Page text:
Ravelry switched over to a new site theme on the 16th of June, 2020.
Unfortunately for many users, this new look is triggering migraines, headaches, eye strain, seizures and other visual disturbances, as well as physical strain in the wrists. Whether they normally suffer from these types of things or not, people are reporting medical issues from minor to severe.
Visiting the Ravelry website may cause harm.
As a side note, Ravelry’s response to the complaints has been problematic at best. I’ve lost all trust in the Ravelry staff and no longer feel welcome on their website, so you may see much more activity here on my blog while I transfer projects from my Ravelry notebook and find alternative ways to store the information I have there.
Update (4th July, 2020)
Ravelry has since given the option to use “Classic Ravelry” and then made it the default. Far too slow for my liking, given how many people have reported medical issues as triggered by the new look, but better late than never. (And don’t even get me started on how people suffering issues were supposed to even get to the old look if they couldn’t get past the new login screen to do so.)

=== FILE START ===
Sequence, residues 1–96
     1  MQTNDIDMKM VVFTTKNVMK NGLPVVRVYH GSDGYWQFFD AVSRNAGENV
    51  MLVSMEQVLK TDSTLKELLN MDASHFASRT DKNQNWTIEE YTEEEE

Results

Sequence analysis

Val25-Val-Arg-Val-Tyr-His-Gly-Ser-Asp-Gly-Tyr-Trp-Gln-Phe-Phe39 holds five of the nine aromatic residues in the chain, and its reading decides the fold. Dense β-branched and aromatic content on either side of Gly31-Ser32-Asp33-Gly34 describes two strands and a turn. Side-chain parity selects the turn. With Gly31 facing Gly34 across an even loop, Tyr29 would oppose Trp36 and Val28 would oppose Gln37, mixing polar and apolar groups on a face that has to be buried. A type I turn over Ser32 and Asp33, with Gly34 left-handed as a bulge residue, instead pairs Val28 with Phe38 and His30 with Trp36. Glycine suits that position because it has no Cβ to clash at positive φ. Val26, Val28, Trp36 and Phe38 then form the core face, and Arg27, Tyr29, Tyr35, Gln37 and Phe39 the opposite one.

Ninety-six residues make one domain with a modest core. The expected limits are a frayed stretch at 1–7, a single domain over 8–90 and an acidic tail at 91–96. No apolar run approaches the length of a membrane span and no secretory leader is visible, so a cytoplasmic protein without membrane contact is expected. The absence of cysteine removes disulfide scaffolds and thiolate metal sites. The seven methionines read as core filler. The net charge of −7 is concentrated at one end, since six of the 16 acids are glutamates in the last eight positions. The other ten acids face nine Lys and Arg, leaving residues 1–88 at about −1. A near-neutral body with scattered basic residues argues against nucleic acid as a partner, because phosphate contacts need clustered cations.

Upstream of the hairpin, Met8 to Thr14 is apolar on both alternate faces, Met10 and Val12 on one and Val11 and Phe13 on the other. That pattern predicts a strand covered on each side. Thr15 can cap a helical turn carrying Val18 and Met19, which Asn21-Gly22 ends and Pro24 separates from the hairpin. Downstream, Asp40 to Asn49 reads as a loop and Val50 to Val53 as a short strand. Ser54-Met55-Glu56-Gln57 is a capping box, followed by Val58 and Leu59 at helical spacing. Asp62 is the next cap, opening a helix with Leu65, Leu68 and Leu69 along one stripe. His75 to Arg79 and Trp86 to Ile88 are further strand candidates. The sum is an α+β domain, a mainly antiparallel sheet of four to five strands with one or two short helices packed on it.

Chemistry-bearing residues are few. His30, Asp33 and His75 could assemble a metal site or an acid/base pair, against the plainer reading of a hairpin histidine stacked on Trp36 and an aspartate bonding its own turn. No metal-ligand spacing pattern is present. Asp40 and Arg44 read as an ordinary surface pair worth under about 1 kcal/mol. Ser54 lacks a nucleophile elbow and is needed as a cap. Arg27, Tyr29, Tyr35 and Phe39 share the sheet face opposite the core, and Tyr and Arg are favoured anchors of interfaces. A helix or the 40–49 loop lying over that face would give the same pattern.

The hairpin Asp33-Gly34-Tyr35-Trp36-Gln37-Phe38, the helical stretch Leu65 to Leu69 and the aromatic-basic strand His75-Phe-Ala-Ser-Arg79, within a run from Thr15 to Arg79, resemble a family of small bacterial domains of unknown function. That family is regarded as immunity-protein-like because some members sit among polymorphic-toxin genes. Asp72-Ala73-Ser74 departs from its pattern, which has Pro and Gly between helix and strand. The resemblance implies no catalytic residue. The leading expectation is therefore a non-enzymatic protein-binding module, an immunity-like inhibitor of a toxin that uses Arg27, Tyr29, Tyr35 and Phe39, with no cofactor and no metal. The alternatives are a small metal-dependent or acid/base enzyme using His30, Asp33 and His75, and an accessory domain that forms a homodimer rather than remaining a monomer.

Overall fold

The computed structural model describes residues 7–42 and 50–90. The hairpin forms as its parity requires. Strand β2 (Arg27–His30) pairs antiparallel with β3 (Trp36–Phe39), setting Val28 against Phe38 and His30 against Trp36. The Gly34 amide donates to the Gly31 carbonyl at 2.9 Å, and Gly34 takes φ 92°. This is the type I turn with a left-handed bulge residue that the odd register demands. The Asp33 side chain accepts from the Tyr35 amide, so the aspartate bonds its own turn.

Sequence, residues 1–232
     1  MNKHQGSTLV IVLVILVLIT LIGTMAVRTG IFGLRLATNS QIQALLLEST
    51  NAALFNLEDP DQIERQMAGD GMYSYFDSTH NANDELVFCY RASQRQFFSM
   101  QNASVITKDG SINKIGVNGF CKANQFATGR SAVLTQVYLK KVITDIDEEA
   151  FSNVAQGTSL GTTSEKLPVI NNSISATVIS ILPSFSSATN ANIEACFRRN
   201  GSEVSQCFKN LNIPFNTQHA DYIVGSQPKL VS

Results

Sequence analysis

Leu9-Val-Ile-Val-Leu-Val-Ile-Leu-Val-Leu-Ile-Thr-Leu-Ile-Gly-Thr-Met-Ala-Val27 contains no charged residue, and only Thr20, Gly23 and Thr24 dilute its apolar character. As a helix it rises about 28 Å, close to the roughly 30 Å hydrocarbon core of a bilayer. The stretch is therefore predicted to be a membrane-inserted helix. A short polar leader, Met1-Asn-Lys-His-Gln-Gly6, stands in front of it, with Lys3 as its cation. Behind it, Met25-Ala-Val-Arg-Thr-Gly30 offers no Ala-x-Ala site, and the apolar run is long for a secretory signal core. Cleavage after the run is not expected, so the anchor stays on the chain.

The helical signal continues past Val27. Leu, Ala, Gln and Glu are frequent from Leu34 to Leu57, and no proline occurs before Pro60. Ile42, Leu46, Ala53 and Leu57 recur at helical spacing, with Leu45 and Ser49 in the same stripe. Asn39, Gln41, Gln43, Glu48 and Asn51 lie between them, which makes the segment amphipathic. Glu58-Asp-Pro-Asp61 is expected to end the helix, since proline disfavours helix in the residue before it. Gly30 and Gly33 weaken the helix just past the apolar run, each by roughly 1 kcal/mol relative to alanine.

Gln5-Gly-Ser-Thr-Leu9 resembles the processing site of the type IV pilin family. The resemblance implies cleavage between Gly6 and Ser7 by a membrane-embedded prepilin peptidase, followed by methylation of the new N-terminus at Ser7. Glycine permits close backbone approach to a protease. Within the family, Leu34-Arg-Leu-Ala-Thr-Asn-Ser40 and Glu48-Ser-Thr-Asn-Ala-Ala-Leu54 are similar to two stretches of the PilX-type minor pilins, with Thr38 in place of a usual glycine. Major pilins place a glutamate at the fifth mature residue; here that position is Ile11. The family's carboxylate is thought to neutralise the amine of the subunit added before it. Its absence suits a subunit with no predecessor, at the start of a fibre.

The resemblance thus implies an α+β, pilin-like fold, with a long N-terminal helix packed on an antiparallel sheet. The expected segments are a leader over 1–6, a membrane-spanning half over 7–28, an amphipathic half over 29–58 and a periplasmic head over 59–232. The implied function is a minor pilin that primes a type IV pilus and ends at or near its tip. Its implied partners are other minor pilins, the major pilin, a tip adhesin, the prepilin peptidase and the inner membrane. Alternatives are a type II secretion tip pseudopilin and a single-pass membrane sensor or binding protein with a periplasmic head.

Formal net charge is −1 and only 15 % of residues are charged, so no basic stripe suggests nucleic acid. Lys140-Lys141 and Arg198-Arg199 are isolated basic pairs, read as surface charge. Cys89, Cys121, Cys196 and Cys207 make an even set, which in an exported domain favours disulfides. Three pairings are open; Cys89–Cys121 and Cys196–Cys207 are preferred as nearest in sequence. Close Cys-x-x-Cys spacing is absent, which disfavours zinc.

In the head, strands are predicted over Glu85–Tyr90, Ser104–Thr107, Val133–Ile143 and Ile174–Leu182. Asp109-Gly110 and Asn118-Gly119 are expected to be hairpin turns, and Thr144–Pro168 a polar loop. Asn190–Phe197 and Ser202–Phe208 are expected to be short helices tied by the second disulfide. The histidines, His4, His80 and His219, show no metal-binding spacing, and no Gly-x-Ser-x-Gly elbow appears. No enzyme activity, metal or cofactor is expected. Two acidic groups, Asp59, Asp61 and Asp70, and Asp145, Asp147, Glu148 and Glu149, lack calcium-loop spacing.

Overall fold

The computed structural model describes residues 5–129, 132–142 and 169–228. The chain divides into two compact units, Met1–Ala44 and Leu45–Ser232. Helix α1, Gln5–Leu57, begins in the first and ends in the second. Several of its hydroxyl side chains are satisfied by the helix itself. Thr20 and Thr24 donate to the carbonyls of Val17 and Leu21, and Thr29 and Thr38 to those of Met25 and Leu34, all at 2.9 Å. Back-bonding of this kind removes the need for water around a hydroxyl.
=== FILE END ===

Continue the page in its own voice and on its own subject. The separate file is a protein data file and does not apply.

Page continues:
Be aware, however, that “Classic Ravelry” is not quite the old look, despite what the moderators insist in their forum updates. Many people in the For the Love of Ravelry board (on Ravelry) have shown screenshots evidencing changes, minor though they may be, and many more are saying that something about “Classic Ravelry” is still causing problems. (I’m personally noticing less symptoms on Classic compared to New, but I am still struggling to use the site for more than a few minutes without a headache or eye strain, compared to spending hours at a time there on the True Old Rav.)
Anyone using Ravelry should still be cautious.
Update (6th August, 2020):
I keep wanting to post a really long rant outlining the history of the NuRav debacle, but others have and continue to do a much better job at it than I ever could. Search #ravelryaccessibility on Instagram or Twitter if you want details.
The long and short of it is that Ravelry’s staff have behaved abominably since NuRav released on the 16th of June, and continue to behave abominably even after the co-owner’s letter (ostensibly an “apology” that is problematic in and of itself) on the 30th of July.
I cannot and will not continue to support a site where staff has shown such disgustingly ableist behaviour — especially one that continues to claim it is inclusive and friendly on both its Instagram and Twitter accounts.
I’m deleting my Ravelry account as soon as I can; I’m currently going through my faves and making sure I have copies of any patterns I’ve purchased or that I can’t get elsewhere.
Update (13th October, 2020):
I’ve mostly stopped following the #ravelryaccessibility issues, but I just learned that Classic Ravelry is officially going away next March (2021). They have so far released two new “versions” of NuRav, both of which are reportedly still problematic, and the Ravelry staff’s behaviour continues to upset the disabled and designer communities.
You now have five and a half months to find an alternative if you need to.